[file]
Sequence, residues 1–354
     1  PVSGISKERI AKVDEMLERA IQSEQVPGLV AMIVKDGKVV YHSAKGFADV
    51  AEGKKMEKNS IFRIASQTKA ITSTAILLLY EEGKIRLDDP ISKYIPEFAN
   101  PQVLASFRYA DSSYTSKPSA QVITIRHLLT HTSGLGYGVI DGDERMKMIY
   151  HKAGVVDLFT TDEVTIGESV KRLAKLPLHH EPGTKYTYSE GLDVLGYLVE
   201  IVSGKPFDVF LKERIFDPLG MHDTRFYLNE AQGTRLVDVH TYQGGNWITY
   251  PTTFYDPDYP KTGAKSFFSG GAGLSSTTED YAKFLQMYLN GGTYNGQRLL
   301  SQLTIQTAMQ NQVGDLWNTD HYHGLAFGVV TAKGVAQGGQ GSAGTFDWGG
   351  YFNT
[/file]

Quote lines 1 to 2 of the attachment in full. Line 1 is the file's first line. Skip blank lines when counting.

Sequence, residues 1–354
     1  PVSGISKERI AKVDEMLERA IQSEQVPGLV AMIVKDGKVV YHSAKGFADV